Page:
January 17th, 2021

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Neonatal Outcome of Selective and Nonselective Small-for-Gestational-Age Twins: A Case Control Study
Authors:  Katarzyna Kosinska-Kaczynska, M.D., Ph.D., Wojciech Ananicz, M.D., Justyna Maret, M.D., Katarzyna Szarla, M.D., and Iwona Szymusik, M.D., Ph.D.
  OBJECTIVE: To investigate if neonatal outcome of small-for-gestational-age (SGA) twins depends on chorionicity and on the co-twin being appropriate or small for gestational as well.

STUDY DESIGN: A case-control study of 125 selective SGA and 60 nonselective SGA twins was conducted.

RESULTS: Selective SGA twins were born significantly earlier and with lower birthweight than nonselective SGA twins. There were no differences in neonatal complications between selective and nonselective SGA twins. Selective SGA monochorionic twins were admitted to intensive care unit more often than were dichorionic ones (RR 6.57, 95% CI 3.9–10.14). Monochorionic nonselective SGA twins required mechanical ventilation and intensive care unit admission more frequently than did dichorionic ones (RR 8.72, 95% CI 3.1–32.8 and RR 4.58, 95% CI 0.97–31.2, respectively). In logistic regression analysis only gestational age at delivery, birthweight, and chorionicity influenced the neonatal outcome significantly (aOR 4.33 [95% CI 1.28–7.12], 6.25 [95% CI 4.98–8.72], and 3.18 [95% CI 1.54–4.11], respectively).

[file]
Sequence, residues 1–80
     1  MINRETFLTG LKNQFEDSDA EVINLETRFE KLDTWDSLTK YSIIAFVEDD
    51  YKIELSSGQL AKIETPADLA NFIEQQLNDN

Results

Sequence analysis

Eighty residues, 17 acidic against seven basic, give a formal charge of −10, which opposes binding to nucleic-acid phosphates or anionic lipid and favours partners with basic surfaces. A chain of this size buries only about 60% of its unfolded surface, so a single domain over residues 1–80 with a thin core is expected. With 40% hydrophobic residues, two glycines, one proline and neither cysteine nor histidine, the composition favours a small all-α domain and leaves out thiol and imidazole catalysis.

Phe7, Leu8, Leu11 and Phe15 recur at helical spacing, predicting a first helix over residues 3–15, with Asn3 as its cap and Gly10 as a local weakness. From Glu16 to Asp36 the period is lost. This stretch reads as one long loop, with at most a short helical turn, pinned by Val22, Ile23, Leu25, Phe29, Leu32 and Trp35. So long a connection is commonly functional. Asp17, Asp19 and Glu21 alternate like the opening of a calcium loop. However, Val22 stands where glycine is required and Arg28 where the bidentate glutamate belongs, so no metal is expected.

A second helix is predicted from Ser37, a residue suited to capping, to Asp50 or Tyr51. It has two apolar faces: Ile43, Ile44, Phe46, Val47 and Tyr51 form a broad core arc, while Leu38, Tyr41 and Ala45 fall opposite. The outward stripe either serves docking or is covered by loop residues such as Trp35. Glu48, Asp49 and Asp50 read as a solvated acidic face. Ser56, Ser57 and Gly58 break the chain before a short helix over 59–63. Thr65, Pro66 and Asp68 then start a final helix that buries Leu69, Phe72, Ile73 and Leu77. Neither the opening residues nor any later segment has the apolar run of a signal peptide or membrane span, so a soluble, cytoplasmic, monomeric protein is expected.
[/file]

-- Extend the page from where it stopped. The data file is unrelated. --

CONCLUSION: Neonatal outcome of SGA twins depends on gestational age at delivery, birthweight, and chorionicity but not on the co-twin being SGA as well.
Keywords:  fetal growth, multiple pregnancy, neonatal outcome, small for gestational age, twin growth discordance, twin pregnancy, twins
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